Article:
Managing Corridor Clutter,




The goal of this project is to enhancing the mobilization of referral of patients between facilities by enhancing access to medical equipment.


· Minimize the number of equipment parked along the corridors.

· Set a 30 minute parking rule for non-essential medical equipment.

Phases of change

Such a large scale organizational change will require a shift in corporate culture and the relationships between the medical personnel (Burnes, 2004). The hospital will utilize Kurt Lewin’s 3-step model to change to sustaining the required operational changes.

Phase 1: The 10 most clutter prone areas will be identified and prioritized for de-cluttering with the help of the medical staff. Zoning areas will be used to prioritize regular inspections and deployment of environmental service staff for clearing of clutter.

Phase 2: Zoning areas will be clearly labeled using warning signs to notify the personnel that they are within a compliance checkpoint area. These signs will include additional information regarding safety laws that does not entertain clutter along the corridors.

Phase 3: All medical equipment coming into the hospital will be attached with radio frequency tags. Network sensors and transceivers will be installed along these sensitive zones to track unattended and idle clutter along the corridors for more than 20 minutes. This information will be communicated to the hospitals information system for immediate action.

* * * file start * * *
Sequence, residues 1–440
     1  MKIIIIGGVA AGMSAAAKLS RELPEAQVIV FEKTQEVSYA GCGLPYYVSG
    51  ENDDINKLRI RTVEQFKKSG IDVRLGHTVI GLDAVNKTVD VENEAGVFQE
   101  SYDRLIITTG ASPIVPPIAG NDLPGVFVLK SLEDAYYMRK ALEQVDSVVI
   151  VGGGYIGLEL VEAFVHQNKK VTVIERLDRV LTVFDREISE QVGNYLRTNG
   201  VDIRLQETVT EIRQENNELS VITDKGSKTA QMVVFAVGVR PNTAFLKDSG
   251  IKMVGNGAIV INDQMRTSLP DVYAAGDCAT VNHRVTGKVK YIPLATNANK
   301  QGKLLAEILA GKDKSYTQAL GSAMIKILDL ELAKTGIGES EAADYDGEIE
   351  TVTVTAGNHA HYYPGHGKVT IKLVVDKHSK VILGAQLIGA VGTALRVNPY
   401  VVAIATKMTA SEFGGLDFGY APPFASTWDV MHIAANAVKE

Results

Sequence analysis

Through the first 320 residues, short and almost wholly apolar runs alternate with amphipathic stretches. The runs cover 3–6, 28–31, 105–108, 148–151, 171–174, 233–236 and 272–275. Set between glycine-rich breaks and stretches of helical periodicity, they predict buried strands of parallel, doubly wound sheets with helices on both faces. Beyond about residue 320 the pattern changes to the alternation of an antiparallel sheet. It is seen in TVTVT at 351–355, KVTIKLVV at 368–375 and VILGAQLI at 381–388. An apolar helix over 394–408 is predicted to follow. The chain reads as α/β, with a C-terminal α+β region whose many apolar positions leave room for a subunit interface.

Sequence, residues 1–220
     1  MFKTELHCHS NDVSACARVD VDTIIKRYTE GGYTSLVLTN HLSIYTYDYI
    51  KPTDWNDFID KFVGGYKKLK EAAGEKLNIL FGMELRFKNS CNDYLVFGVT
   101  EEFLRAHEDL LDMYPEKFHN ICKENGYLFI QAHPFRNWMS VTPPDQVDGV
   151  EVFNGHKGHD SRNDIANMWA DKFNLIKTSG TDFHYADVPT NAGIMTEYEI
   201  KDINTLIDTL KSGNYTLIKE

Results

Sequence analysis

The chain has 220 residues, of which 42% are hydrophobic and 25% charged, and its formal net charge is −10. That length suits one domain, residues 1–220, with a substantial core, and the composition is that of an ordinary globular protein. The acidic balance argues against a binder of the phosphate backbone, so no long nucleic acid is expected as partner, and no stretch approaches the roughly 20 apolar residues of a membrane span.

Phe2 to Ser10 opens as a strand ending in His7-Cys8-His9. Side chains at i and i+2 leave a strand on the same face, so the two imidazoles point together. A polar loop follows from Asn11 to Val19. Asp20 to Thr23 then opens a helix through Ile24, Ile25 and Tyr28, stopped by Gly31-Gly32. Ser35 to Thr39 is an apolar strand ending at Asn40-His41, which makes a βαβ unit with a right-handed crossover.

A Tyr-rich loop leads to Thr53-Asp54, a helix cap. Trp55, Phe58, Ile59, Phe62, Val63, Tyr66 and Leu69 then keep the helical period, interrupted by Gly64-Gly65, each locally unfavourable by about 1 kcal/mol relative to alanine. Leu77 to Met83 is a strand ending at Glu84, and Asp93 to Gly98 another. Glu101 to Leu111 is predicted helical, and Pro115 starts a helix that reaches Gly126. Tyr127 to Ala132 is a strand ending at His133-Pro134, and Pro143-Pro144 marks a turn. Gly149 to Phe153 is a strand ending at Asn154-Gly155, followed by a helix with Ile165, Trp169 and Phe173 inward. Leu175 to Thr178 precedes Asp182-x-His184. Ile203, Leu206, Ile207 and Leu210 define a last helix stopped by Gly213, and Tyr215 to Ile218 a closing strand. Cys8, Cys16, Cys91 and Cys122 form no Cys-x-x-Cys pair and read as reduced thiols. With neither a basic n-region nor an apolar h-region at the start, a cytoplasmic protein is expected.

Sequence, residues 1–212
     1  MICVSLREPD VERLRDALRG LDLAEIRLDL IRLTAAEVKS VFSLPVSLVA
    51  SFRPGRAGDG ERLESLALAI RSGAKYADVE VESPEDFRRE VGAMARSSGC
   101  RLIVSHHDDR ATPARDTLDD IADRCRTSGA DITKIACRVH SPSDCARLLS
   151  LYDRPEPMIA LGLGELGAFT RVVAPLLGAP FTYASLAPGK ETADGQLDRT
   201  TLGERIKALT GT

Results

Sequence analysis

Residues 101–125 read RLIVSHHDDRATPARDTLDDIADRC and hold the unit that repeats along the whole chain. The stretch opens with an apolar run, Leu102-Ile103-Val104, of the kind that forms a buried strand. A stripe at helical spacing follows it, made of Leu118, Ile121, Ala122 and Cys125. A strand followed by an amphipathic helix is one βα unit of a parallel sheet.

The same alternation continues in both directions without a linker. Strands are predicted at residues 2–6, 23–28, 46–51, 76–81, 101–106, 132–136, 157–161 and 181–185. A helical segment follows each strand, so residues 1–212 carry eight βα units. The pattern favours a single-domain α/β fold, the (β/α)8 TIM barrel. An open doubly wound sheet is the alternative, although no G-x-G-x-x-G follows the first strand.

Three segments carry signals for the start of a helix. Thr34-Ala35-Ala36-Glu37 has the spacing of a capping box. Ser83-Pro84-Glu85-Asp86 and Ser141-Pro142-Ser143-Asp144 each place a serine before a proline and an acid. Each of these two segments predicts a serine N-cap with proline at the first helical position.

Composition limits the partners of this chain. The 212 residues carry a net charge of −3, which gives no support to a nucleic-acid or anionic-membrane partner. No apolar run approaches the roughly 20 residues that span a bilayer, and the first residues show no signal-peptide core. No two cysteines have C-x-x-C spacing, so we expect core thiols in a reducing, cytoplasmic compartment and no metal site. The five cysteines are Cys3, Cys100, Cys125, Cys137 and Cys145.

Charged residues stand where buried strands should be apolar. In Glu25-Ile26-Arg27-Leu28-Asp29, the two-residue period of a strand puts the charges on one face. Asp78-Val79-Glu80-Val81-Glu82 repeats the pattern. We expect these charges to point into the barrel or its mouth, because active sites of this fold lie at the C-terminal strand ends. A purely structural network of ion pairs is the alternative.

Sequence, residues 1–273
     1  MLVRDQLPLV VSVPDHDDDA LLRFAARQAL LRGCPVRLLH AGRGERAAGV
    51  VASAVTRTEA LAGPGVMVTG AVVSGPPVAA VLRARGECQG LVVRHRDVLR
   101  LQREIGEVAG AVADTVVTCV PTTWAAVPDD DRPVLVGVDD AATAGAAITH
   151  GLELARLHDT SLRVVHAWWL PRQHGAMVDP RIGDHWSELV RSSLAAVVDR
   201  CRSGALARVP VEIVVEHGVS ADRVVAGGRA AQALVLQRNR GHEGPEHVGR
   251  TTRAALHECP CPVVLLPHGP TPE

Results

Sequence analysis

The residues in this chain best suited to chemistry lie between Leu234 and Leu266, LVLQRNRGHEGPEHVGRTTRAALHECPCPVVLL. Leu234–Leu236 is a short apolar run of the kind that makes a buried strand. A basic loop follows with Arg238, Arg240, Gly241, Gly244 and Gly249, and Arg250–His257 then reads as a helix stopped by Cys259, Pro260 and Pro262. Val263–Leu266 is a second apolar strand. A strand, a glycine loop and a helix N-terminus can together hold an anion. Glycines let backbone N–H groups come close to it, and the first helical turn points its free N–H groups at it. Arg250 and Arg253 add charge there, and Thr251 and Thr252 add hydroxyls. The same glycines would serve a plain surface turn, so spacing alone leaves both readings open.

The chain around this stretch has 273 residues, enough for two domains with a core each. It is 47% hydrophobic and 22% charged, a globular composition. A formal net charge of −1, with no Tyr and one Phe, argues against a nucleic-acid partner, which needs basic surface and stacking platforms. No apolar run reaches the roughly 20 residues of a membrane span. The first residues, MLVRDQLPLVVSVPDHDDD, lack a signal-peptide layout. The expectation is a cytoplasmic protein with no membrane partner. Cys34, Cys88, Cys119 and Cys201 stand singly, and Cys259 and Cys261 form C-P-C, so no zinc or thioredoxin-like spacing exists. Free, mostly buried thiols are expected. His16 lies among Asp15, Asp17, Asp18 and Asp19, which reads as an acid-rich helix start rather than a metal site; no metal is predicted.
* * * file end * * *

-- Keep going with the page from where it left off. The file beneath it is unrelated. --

Phase 4: The bed management system will send automated messages to the room managers for quick identification of vacant beds (Boulos & Berry, 2012). A discharge alert system will send information direct to the hospital dashboard to reduce patient wait period. This will increase the patient flow along the hallways thereby improving admission rates.

Phase 5: Patient information will be automatically captured using hospital cards or electronic health records (EHR) for easy management of referrals from other hospitals. This electronic information management system will automatically notify caregivers of any patient who has waited for too long by sending alerts to the admission dashboard.


The implementation of a patient transfer and call center will take a minimum of 6 months. The supporting tracking technologies and information systems will require a go-live period of three months to acquaint the staff to the new system. This will include a pre-implementation assessment period of one month. Thesteps to clear the hospital hallways will take a period of two months which will run from July –October 2019.

Mobilization the driving forces

The hospital staff will be increased to handle the high traffic periods such as natural disasters, fire or terrorism attacks. The disaster management plan will include an incident commander that will control the flow of new patients. The incident commander will use the hospital tracking system to assign hospital beds and medical equipment required for each emergency situation (California Healthcare Foundation, 2011). A touch screen will be installed to manage all bedside requests such as IV pumps, supply carts and oxygen tanks among others. This information will be updated directly to the hospitals information system.

Minimizing restraining forces